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Police accused of brutality

by Lesotho Times
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’Marafaele Mohloboli

THE under-fire Lesotho Mounted Police Service (LMPS) are once again in the eye of the storm over allegations of brutality against civilians. This follows a recent incident in which members of the LMPS’ Special Operations Unit (SOU) in Maseru were captured on video physically abusing some vendors by forcing them to roll on the hard ground as punishment for allegedly engaging in illegal activities of assisting the public to access vehicle licences at a fee at the Traffic Department.

POLICE Spokesperson Superintendent Mpiti Mopeli this week condemned the incident and told the Lesotho Times that they were investigating. Supt Mopeli however, suggested that the victims were to blame for the degrading punishment that was inflicted on them.

In the video clip which is making waves on social media, passersby are seen looking on helplessly as five men roll on the ground from left to right and vice versa. The men even collide with each other but have to continue with the punishment under the instructions and watchful eyes of the police officers- one of whom yells at them to “roll even more”.

The alleged crime of the five men is soliciting for desperate clients who they assist for a fee to obtain licences and other vehicle-related permits. The men wait for prospective clients in the vicinity of the Traffic Department in Maseru.

Supt Mopeli said the police were aware of the allegations of brutality and he suggested that the victims should also shoulder some of the blame for the degrading punishment that was inflicted on them.

“There was no special police operation in place (to deal with the illegal activities of the vendors) but those men were not cooperative when they were told to leave the place, hence the police reacted the way they did,” Supt Mopeli said.

“But it is not right to treat people like that and it is not for us to behave like that when we are an institution which is mandated to protect people’s lives and their property. Therefore, we are investigating what could have led to that inhuman treatment.

“We’ll only be able to know what will happen to those (rogue) officers once we have gotten to the bottom of the story because on its own the video clip is not enough evidence.”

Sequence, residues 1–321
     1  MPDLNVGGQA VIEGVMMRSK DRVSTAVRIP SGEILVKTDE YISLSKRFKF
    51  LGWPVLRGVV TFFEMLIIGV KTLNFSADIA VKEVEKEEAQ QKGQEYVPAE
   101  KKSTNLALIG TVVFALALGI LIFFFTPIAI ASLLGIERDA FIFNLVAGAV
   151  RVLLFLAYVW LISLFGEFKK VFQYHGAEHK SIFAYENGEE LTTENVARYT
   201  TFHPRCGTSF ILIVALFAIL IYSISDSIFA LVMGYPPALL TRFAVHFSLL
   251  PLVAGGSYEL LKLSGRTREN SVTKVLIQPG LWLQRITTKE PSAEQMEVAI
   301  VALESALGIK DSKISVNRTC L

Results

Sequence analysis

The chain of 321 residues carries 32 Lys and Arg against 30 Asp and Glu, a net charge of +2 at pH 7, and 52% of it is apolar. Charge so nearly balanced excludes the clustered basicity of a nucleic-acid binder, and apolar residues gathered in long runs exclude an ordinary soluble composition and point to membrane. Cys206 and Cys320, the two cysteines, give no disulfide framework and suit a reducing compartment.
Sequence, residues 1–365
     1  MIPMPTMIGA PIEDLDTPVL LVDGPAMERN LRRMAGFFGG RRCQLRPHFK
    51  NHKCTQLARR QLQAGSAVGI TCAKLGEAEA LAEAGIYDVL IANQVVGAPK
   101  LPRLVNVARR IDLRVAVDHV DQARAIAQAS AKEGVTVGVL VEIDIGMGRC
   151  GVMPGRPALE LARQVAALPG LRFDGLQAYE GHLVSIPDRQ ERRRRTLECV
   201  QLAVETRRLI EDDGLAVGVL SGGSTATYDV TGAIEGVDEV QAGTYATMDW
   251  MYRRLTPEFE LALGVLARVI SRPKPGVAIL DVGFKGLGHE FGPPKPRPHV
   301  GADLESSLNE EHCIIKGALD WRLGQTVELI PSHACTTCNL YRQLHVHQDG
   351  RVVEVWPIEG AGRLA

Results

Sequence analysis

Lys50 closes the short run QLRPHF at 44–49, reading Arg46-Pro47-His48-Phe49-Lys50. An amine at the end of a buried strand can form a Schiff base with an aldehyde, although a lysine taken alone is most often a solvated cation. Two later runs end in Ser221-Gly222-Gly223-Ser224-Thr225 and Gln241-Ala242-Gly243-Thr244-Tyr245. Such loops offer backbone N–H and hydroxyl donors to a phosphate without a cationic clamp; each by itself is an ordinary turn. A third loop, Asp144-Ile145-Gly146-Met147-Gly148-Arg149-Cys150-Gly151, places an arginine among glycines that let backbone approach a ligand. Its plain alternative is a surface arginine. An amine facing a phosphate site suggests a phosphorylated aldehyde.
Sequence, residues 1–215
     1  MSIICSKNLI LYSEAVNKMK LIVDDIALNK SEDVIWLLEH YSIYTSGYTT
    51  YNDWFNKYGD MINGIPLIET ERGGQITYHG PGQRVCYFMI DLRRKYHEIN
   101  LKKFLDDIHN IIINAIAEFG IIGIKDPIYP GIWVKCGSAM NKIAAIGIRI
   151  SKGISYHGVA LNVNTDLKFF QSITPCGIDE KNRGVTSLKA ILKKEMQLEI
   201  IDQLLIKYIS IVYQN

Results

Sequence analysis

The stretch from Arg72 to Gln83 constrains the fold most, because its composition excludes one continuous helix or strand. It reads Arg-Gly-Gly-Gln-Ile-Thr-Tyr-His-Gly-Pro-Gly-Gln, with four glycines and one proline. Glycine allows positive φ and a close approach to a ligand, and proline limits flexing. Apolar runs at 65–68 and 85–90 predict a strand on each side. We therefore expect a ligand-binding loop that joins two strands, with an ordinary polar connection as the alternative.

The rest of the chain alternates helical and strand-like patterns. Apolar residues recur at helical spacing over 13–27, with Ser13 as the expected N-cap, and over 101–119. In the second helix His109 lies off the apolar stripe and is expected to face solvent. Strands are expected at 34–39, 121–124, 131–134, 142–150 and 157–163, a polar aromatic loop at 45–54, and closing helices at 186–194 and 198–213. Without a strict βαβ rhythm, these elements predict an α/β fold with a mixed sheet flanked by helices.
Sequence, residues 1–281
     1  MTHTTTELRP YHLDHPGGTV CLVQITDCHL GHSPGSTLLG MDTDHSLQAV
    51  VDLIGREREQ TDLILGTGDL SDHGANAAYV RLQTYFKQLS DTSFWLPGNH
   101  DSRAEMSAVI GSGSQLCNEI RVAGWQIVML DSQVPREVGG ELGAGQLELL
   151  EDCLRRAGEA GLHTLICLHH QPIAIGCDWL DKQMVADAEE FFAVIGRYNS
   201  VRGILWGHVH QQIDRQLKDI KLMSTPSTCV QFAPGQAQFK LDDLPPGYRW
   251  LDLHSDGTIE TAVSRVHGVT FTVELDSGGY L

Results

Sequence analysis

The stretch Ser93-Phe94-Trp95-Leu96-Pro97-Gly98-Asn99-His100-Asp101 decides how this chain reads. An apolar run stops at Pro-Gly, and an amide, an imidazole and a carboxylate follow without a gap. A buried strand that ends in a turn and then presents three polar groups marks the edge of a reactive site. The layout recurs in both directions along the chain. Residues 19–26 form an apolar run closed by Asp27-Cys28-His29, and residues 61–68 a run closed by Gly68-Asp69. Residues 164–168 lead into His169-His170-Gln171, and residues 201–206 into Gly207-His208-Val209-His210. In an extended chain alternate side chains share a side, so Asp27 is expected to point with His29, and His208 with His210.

Supt Mopeli also said it was illegal for anyone to take advantage of “the inefficient traffic department system” and solicit for money from people to help them to access services.

“To solicit money from anyone seeking services from the traffic or any department is against the law. We all know that bribery is unlawful and those who engage in it commit a crime,” said Sup Mopeli.

The incident is the latest in a long series of cases that have focused the spotlight on the police for brutality against civilians. There have been other cases of torture of suspects and some of the suspects have allegedly died at the hands of the police.

A recent African Commission on Human and Peoples’ Rights (ACHPR) report seen by this publication expresses concern over the “persistent allegations of police brutality” in Lesotho and called on the government to capacitate the relevant institutions to enable them to investigate allegations of human rights violations.

“The government should incorporate the promotion and protection of human and peoples’ rights in all its actions as well as in the legal, policy and institutional reforms which would be initiated as a result of the ongoing national dialogue,” the ACHPR report states.

Early last year, Police Minister ‘Mampho Mokhele torched a storm when she publicly admitted that the police used illegal methods including torture to extract confessions from suspects.

Ms Mokhele, who served as a police officer for 37 years, made the revelation at a ceremony where the LMPS was presented with forensic equipment donated by the Algerian government.

She said she hoped the donation would go a long way in removing the need for torture as the police could now use it to determine whether or not a suspect had been involved in the commission of a crime.

“We, as the police, are often forced to use violence to get information out of people because at times we would be sure that the suspect committed the crime but due to lack of tangible evidence we have to use force,” Ms Mokhele said.

Last month, the Prime Minister, Thomas Thabane, condemned police brutality and ordered Ms Mokhele to furnish him with a report of how the ministry has dealt with cases of police officers suspected of human rights violations.

Foreign Affairs and International Affairs Minister Lesego Makgothi recently said that the government was not deaf to the public outcry over the alleged police brutality and it would soon conduct inquests into the alleged civilian deaths and thereafter deal with the “rogue elements within our police service”.

“This (torturing of suspects) is unacceptable and we are going to deal with such officers. We will not allow them to bring the name of the government into disrepute,” Mr Makgothi said.

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